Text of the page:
Skip to main content

Visiting Ghibli Museum

Totoro guides you on the path there
At the other end of the technology spectrum to the Digital Art Museum, the Ghibli Museum is a no-photos shrine to the films of Hayao Miyazaki. Refreshingly low tech and hands on, it brings the films to life and gives you insights into the animation process. Even if you've never seen films like Kiki's Delivery Service or Princess Mononoke, you'd recognise figures like Totoro and the distinctive animation style. Approaching the building, you are met at a ticket booth staffed by Totoro himself though you have to wander around the corner to a long line to get in. 

The Ghibli Museum building is three stories
The Museum has been here since 2001 with a series of permanent exhibitions refreshed by newer displays and a short film usually only seen in the museum's theatre. Ours was Boro the Caterpillar, a 14-minute peek into the birth and early life of a cute critter. There's great walks through the studios that showcase the animation process from pencil sketching, inking, colouring and filming each frame. It's like stepping into the studios right down to their reference books, uneaten apples and overfilled ashtrays. The rooftop has one of the few photo opportunities at the museum with the Iron Giant towering over a small garden.
Sculpture of a robot, the Iron Giant
The Iron Giant manages being the most-photographed part of the museum with quiet disappointment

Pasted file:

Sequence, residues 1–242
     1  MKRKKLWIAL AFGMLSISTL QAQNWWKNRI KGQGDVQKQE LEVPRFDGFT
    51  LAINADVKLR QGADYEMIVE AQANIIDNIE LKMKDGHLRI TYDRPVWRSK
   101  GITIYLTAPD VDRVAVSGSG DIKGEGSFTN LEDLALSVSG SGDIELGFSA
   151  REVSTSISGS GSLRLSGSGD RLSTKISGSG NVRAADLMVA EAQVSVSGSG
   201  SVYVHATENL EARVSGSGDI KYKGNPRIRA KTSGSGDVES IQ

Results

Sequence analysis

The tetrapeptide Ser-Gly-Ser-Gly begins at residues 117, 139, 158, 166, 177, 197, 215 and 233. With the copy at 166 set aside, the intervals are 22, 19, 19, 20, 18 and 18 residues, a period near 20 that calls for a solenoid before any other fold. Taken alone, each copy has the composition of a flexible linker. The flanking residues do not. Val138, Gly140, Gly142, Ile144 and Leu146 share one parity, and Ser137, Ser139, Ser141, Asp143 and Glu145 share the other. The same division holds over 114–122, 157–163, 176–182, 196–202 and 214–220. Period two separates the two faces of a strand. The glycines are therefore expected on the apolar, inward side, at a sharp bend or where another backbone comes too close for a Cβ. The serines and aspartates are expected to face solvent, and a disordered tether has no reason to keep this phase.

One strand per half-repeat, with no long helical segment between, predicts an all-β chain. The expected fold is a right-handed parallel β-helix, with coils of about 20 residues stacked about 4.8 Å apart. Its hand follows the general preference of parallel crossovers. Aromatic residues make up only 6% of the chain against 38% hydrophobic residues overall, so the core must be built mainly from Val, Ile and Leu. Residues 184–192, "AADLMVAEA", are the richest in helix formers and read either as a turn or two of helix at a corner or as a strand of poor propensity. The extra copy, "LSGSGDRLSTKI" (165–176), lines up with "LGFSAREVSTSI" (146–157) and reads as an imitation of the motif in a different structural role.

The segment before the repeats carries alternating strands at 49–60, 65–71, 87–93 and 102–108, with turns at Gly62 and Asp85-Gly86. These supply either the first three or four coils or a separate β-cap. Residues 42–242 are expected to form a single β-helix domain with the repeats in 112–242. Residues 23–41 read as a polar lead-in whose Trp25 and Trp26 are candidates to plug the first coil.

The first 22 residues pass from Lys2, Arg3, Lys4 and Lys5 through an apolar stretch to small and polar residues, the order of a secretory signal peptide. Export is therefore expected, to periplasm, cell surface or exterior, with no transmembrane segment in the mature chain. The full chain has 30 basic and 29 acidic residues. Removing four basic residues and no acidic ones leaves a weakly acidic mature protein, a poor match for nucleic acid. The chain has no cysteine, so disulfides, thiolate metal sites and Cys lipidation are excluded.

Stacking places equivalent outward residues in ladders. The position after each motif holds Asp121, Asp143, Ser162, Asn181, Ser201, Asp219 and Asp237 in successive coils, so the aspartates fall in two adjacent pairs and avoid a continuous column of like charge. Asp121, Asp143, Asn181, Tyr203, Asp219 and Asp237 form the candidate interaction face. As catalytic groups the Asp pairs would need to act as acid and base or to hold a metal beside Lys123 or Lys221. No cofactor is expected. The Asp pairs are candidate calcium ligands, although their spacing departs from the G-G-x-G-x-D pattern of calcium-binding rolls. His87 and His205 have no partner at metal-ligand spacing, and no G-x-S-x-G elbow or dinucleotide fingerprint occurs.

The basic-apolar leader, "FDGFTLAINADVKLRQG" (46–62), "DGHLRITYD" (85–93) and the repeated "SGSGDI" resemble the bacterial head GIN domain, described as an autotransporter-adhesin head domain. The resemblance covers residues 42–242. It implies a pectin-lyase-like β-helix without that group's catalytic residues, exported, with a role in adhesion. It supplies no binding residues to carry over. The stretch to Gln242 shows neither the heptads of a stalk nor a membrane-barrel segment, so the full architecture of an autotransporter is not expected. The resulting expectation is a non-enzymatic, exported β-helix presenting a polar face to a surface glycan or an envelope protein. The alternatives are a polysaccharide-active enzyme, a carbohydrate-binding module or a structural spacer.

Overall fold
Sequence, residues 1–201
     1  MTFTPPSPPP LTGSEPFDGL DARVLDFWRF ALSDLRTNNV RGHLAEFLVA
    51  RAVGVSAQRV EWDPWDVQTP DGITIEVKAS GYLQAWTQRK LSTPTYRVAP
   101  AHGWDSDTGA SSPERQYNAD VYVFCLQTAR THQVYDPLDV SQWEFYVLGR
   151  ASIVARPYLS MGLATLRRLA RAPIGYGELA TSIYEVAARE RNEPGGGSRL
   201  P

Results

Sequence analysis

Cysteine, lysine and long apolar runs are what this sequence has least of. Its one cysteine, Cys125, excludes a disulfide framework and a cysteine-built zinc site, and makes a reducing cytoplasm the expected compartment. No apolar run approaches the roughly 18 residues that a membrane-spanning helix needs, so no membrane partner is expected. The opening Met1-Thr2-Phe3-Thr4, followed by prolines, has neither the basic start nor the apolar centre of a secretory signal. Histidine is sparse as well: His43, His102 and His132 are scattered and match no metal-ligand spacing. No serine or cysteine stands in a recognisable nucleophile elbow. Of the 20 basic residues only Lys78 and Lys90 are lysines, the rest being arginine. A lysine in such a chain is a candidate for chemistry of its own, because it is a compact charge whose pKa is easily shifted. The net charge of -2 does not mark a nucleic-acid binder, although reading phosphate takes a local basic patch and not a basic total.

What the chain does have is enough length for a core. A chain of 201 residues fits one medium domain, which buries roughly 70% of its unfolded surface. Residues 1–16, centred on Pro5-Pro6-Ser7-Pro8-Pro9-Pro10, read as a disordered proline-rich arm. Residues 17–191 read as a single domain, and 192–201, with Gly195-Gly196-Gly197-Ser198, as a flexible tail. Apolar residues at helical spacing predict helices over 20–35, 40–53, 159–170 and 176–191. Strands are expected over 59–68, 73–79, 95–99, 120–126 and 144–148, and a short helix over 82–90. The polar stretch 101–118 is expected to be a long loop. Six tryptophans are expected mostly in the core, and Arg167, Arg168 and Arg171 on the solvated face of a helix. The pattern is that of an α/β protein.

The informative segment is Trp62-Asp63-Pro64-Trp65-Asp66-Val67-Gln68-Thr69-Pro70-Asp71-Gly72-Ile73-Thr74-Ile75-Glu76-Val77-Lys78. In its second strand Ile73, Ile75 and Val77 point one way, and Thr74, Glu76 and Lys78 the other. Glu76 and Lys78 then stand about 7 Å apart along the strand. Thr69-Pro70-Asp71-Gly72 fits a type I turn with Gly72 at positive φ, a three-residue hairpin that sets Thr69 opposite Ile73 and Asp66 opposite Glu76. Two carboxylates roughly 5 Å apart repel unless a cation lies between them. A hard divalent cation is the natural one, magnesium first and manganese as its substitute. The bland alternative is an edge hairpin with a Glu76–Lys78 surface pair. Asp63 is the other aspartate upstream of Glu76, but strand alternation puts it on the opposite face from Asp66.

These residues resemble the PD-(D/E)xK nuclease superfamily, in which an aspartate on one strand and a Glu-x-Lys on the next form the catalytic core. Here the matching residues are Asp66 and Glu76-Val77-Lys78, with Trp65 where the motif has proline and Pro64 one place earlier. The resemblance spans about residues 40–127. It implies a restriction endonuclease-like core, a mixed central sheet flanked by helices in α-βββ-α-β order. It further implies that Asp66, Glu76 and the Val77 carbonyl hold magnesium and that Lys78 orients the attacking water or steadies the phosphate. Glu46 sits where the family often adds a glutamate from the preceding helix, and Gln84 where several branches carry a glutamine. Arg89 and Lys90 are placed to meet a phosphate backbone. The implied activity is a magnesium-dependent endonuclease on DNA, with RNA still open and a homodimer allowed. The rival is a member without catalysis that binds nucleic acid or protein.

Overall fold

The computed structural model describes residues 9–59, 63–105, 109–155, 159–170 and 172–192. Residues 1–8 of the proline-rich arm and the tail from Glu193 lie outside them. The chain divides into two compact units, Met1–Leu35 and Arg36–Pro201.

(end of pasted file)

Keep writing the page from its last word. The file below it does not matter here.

A temporary exhibition looked at food with images slicing across films including characters from several films using chopsticks or gobbling noodles. Then there were reconstructions of scenes from films including a dirigible's galley and a traditional kitchen. Upstairs is the highlight for kids: a chance to climb on the Cat Bus. Kids get a five minute romp to crawl, climb or sleep on the roof of this classic Totoro character. The top floor also features the gift shop, which boasts a huge range of toys, puzzles, animation cells and more. The store is named Mamma Aiuto for the sky pirates in the movie Porci Rosso but the Italian for ‘Mama help’ makes sense when you see the huge range to tempt littlies (and biggies). The store doesn't feel forced though as it is not the standard ‘exit through the gift shop’ of many museums and you get a free clipping of film as part of your ticket if you want to save on souvenirs. Downstairs a zoetrope animates a scene from Totoro and there’s other working models of animation’s history. All up an amazing museum - particularly for under 12s. Glad we went before the new Ghibli theme park opens in 2022.

Tips for visiting
  • We booked tickets three months in advance via the website, as they release tickets in month blocks. It's a good thing to book first because days vary and we spent a happy three hours there.
  • It's easy enough to catch the train to Mitaka station on the JR Chuo Line and walk around the the museum (which is signposted). We caught the local bus back which leaves from not far from the exit. The website has handy instructions
  • Though it is billed as 'let's get lost together' with no itinerary prescribed, we found it best to turn the building upside down by starting on the third floor with a romp on the Cat Bus and look at the souvenir shop by taking the spiral staircase upstairs. Then wander down to level two which has the animation studios. Then we finished with the film on level 1 at the end which was the perfect slow down after all the excitement.
  • Food was fairly basic and we went with the take-out option of hotdogs. The Straw Hat Cafe promises sit-down meals but you can also stop at cafes on the route to the cafe in Minaka or grab snacks from the convenience stores around the station.
  • Getting there first thing (opens 10am) will give some of the crowds the slip and Saturdays are busiest. It's closed Tuesday. Crowds are inevitable (especially in Mamma Aiuto) though as this is one of Tokyo's most popular family destinations.
Cheeky pig in the garden